Luxulyan valley was once a hive of industrial activity but these days the forces of nature and past human industry combine to create an enchanting woodland escape, full of interest and beauty.
It is hard to imagine that this was once an area famed for its mines and quarries with as many as ten trains a day passing through, laden with China Clay from the nearby pits. Stone from the quarries was shipped all over the world and used in projects such as the old Plymouth breakwater and lighthouse as well as Wellington’s sarcophagus in St Pauls’ Cathedral.
Peaceful tracks and river paths
Today however visitors can wander miles of peaceful tracks that weave through thick woodland around the babbling River Par. The signs of the industrial past are still visible everywhere however but miraculously reclaimed by nature. In spring bluebells proliferate amongst the remains of waterwheels, crib huts and the giant boulders left by the masons. Water still gushes through the trees in the old man-made channels that once fed water-wheels and some of the pathways themselves follow old tramlines.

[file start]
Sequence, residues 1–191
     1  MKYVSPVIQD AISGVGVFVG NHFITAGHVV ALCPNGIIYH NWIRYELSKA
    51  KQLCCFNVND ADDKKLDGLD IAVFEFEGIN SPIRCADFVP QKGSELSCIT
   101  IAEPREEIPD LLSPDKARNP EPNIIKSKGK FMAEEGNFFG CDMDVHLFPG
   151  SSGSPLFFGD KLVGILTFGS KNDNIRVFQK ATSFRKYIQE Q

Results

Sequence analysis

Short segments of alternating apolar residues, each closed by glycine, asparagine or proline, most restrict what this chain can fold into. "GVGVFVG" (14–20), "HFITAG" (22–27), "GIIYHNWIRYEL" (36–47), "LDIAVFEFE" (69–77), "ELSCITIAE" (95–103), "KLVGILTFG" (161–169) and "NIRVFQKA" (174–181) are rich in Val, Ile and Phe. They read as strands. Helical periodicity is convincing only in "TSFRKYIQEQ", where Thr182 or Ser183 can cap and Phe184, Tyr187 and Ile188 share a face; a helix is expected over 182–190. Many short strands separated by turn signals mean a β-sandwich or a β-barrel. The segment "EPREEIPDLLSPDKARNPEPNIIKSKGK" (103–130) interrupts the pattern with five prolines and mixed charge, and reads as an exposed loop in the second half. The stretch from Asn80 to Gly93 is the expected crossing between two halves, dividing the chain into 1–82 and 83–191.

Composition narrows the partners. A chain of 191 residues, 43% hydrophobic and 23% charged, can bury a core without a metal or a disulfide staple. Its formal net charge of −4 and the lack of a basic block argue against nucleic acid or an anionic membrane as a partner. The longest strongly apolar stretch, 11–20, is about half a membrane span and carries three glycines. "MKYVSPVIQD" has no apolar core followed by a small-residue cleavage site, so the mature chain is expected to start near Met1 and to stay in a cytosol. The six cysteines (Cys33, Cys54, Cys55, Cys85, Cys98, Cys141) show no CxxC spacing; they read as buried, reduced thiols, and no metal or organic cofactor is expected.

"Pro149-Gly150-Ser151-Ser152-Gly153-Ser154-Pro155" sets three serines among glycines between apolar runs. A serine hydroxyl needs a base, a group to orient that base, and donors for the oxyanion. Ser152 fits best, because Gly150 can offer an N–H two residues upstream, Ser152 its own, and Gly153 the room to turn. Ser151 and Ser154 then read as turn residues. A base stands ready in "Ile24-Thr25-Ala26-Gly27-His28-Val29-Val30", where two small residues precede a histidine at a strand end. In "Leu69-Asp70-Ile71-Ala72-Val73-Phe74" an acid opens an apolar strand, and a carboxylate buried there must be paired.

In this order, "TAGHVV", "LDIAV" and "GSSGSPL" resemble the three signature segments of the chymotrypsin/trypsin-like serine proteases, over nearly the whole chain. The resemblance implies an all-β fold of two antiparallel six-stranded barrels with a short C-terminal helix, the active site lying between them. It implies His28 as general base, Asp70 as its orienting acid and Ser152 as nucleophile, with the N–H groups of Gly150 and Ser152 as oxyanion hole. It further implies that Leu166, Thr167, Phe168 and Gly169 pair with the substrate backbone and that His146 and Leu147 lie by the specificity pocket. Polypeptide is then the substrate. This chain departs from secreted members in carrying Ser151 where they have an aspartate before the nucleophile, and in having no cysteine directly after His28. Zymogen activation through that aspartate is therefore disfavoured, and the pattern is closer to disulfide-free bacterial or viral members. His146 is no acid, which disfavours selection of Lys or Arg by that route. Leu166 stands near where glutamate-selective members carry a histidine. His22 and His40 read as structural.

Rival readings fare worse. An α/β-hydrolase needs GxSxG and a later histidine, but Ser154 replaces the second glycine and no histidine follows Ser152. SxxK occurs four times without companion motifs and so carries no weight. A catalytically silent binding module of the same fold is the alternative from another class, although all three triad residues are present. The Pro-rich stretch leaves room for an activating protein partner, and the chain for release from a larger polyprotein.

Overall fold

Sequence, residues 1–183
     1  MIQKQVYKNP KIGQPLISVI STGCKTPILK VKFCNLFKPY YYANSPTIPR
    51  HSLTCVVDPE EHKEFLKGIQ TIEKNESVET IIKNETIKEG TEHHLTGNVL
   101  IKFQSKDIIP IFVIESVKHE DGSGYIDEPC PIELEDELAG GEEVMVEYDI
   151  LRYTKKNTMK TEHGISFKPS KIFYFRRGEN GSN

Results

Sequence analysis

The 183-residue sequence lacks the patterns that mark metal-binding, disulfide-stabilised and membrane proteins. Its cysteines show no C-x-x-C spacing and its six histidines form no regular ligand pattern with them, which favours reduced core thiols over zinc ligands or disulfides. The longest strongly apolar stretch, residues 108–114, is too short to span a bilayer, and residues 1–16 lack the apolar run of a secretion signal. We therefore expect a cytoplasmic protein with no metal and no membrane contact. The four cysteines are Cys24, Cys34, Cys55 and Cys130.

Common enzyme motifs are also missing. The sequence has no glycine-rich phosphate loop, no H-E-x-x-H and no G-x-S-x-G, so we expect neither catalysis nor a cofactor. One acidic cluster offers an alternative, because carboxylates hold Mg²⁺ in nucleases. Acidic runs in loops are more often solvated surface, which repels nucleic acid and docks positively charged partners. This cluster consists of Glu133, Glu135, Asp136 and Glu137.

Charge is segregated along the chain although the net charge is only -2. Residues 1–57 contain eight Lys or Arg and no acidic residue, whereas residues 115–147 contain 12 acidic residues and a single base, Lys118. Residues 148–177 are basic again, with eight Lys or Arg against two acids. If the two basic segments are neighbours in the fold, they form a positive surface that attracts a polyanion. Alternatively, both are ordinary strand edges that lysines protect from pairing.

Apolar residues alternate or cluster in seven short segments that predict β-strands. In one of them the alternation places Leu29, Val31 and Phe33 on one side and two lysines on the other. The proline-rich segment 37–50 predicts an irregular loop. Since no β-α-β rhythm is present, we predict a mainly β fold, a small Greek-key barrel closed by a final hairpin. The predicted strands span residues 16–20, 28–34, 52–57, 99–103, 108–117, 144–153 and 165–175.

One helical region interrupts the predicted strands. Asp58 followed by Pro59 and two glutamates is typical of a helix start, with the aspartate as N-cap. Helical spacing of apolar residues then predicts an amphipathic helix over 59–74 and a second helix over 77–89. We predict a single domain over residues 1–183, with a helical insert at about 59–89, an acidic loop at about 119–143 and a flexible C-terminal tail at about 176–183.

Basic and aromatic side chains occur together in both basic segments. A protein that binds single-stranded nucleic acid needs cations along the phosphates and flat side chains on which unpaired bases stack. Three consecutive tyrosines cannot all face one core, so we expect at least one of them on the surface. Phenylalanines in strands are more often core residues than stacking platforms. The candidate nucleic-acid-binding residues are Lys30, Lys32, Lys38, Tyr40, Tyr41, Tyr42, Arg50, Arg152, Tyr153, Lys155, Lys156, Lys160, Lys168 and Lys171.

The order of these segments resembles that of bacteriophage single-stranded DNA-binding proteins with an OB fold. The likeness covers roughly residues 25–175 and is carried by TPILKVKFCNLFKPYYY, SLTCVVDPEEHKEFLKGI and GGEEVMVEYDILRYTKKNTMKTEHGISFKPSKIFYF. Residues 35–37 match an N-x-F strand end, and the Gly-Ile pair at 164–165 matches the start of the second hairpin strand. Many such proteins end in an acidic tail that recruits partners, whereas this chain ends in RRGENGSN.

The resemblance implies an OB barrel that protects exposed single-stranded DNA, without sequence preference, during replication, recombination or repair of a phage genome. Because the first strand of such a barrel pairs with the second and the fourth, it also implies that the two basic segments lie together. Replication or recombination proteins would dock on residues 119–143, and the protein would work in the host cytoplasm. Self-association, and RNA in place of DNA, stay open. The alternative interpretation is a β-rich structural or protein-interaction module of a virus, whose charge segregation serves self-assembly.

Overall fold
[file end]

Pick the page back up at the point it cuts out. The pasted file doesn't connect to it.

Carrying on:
A particular highlight is crossing the magnificent Treffry Viaduct which spans the valley at a height of some 30m (98 feet), soaring above the treetops with the Newquay branch line track beneath. This grand, granite structure is not only beautiful, it is also a wonder of engineering, completely unique in Cornwall.
The viaduct, built by Joseph Treffry, was constructed in 1842, with the railway that crossed it working by 1844. Unusually the viaduct had a water channel underneath the railway track feeding the Fowey Consols nearby and this is where the brilliance of its engineering becomes apparent. The viaduct was also a kind of aqueduct.
The level of the deck and of the hillside ledge were precisely calculated with a fall of about 20ft per mile to achieve the desired flow of water. On its way, this water was used to power the Carmears incline by means of a 34ft diameter waterwheel and a winding cable.
The woodlands themselves are alive with flora and fauna, including many wild birds, flowers, mosses and fungi making them great for explorers and nature lovers, young and old!
Cared for by Cornwall Wildlife Trust the beautiful Luxulyan Valley is also part of the Cornwall Mining World Heritage Site. There are maps and information boards in the carparks and around the woodland to help you navigate and understand the history of this fascinating valley. Look out for guided walks and talks covering history and wildlife too, which are held throughout the year.